Amsterdam’s Schiphol airport has declared that 2022 was a record year for both disappointed customers and financial losses.
In an unusually blunt statement released on Friday (17 February), the major aviation hub on the outskirts of the Dutch capital revealed that the previous year had been characterised by poor customer experience and a loss of €28m (£24.9m).
Despite the airport seeing strong growth in traffic, the statement, titled “Schiphol closes a poor 2022”, described its services as disappointing and its financial results as “poor”.
Ruud Sondag, chief executive of the Royal Schiphol Group, wrote: “Never before in the history of Schiphol have we disappointed so many travellers and airlines as in 2022.
“Our efforts and hard work did not lead to the necessary improvements in the system and, as a result, we were not able to provide the service we wanted. 2022 will therefore go down as a bad chapter in our own history books.”
Mr Sondag commended the hard work and dedication of the staff at Schiphol, but acknowledged that the airport had fallen short when it came to making the necessary improvements.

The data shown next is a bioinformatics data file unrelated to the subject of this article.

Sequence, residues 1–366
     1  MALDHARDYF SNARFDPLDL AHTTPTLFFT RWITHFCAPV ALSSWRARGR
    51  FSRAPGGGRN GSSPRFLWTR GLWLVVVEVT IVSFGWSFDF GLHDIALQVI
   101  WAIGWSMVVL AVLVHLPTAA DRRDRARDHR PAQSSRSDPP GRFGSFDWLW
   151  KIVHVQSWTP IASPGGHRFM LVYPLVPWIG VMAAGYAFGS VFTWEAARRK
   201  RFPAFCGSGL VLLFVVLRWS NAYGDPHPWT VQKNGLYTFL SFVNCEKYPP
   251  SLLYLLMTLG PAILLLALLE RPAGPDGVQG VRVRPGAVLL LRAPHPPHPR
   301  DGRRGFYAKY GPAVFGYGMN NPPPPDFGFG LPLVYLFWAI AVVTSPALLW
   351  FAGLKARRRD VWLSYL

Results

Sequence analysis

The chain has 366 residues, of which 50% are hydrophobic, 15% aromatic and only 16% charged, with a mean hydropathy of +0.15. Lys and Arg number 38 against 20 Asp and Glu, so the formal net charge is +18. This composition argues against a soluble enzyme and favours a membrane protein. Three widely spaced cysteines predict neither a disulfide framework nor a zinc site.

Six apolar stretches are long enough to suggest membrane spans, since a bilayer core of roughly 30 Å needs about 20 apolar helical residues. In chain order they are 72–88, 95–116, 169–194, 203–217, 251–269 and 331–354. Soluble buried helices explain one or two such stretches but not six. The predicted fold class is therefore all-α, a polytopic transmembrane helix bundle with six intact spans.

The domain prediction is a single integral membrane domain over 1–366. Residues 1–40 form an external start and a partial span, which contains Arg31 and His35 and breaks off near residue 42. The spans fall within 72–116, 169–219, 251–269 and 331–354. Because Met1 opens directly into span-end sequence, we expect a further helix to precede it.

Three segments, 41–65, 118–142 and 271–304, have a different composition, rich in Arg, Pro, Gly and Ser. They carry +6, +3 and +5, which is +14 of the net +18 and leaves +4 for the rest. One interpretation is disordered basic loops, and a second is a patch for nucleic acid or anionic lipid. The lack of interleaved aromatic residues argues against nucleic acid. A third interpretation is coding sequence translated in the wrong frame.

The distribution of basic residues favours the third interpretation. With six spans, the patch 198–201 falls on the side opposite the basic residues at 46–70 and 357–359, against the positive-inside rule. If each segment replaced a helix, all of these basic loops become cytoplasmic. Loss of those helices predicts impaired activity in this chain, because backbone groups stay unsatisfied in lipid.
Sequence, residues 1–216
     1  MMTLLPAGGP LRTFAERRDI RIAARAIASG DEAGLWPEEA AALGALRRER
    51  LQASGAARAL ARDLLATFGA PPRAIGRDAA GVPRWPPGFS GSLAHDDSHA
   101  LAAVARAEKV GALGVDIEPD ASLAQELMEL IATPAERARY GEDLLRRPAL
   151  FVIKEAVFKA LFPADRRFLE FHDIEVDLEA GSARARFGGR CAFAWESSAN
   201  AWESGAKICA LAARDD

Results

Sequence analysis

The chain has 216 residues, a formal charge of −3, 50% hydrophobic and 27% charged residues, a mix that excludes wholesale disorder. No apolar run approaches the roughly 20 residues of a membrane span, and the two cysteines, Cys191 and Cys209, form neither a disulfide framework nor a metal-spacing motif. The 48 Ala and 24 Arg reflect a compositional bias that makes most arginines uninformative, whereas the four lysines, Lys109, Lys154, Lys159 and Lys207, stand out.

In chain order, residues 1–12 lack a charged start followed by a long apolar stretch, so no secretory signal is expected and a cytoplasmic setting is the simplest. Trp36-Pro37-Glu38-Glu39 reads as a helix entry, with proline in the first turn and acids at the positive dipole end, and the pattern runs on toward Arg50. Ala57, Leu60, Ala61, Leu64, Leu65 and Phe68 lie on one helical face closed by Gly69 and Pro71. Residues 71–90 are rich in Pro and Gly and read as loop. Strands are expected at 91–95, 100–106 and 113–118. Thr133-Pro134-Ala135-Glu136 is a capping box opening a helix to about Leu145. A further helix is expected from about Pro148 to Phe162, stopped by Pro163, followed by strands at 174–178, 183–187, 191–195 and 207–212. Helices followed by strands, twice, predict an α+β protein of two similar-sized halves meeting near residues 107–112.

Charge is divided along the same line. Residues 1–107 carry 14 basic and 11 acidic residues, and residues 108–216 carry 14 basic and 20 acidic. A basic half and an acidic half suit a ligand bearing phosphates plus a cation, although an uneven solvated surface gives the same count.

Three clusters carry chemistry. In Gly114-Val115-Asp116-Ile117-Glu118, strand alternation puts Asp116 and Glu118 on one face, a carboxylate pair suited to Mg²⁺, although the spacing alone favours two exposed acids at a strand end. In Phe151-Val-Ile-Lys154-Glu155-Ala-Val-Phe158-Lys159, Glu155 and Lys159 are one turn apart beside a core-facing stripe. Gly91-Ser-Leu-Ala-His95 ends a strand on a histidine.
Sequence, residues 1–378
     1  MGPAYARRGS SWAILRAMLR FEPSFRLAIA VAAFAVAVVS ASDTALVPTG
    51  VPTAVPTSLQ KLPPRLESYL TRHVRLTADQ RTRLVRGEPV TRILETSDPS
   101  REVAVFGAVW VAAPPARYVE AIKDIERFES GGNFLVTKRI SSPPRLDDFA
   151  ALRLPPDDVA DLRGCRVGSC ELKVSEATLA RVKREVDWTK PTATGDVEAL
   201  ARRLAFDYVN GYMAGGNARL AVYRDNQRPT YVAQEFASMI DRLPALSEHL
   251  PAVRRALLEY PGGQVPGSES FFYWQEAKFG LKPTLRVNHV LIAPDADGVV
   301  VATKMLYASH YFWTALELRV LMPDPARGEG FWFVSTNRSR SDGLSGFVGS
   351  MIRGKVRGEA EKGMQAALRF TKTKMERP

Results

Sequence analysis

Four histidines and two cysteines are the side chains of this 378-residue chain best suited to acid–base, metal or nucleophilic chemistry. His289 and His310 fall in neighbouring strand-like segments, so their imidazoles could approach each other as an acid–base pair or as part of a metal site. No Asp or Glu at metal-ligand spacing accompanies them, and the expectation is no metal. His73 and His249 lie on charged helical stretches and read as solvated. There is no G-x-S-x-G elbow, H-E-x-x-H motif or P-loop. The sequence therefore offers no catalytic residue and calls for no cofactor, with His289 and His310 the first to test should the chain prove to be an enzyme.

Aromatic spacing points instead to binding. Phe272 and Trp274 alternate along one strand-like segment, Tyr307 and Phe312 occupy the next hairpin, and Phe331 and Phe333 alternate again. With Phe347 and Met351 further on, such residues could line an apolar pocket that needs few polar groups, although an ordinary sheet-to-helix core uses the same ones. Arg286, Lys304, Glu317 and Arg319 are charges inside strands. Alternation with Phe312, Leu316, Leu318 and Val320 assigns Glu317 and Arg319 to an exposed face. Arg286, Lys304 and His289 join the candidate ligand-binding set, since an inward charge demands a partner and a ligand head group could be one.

He promised that the company would learn from its mistakes, however, stating that 2022 would see the implementation of “structural improvements”.
“We have to do better. And I am convinced that we can,” he added.
The Dutch government has already announced plans to limit capacity at Schiphol to 440,000 flights per year, but has not confirmed when this come into effect.
In the interim, the airport plans to limit departures by around 5 per cent until May because of a shortage of baggage handlers.
Schiphol airport is one of several across Europe to have been hit by staff shortages and soaring demand as air travel rebounded strongly from two years of Covid-19 restrictions.
During the busy spring and summer periods in 2022, staff shortages at Schiphol often forced passengers to wait for hours in long lines that snaked out of the terminal, along an approach road, and back into the building.
The airport announced a compensation scheme for travellers whose holiday plans were derailed by cancellations or missed flights.
In September 2022, the airport’s CEO Dick Benschop resigned, saying he wanted to “give Schiphol the space to make a new start”.
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